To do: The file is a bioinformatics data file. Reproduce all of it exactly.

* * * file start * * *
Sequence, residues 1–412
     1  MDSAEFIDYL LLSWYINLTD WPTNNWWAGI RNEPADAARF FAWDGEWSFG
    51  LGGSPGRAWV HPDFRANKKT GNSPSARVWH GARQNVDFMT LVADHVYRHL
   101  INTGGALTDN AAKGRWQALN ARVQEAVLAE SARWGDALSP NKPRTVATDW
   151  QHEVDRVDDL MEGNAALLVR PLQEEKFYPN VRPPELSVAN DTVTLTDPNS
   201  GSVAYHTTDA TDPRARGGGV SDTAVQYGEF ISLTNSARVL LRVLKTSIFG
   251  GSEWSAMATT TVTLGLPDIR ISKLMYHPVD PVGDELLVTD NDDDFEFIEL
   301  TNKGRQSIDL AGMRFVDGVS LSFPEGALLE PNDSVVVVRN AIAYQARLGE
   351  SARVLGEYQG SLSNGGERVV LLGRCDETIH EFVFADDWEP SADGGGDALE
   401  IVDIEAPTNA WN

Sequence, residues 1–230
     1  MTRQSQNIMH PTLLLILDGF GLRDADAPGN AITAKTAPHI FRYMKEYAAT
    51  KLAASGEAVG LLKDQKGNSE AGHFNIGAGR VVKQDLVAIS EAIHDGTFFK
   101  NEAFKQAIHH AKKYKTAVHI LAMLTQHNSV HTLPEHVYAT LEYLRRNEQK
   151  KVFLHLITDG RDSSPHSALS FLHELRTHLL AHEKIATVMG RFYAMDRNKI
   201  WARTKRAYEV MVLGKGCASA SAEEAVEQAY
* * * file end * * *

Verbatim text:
Sequence, residues 1–412
     1  MDSAEFIDYL LLSWYINLTD WPTNNWWAGI RNEPADAARF FAWDGEWSFG
    51  LGGSPGRAWV HPDFRANKKT GNSPSARVWH GARQNVDFMT LVADHVYRHL
   101  INTGGALTDN AAKGRWQALN ARVQEAVLAE SARWGDALSP NKPRTVATDW
   151  QHEVDRVDDL MEGNAALLVR PLQEEKFYPN VRPPELSVAN DTVTLTDPNS
   201  GSVAYHTTDA TDPRARGGGV SDTAVQYGEF ISLTNSARVL LRVLKTSIFG
   251  GSEWSAMATT TVTLGLPDIR ISKLMYHPVD PVGDELLVTD NDDDFEFIEL
   301  TNKGRQSIDL AGMRFVDGVS LSFPEGALLE PNDSVVVVRN AIAYQARLGE
   351  SARVLGEYQG SLSNGGERVV LLGRCDETIH EFVFADDWEP SADGGGDALE
   401  IVDIEAPTNA WN

Sequence, residues 1–230
     1  MTRQSQNIMH PTLLLILDGF GLRDADAPGN AITAKTAPHI FRYMKEYAAT
    51  KLAASGEAVG LLKDQKGNSE AGHFNIGAGR VVKQDLVAIS EAIHDGTFFK
   101  NEAFKQAIHH AKKYKTAVHI LAMLTQHNSV HTLPEHVYAT LEYLRRNEQK
   151  KVFLHLITDG RDSSPHSALS FLHELRTHLL AHEKIATVMG RFYAMDRNKI
   201  WARTKRAYEV MVLGKGCASA SAEEAVEQAY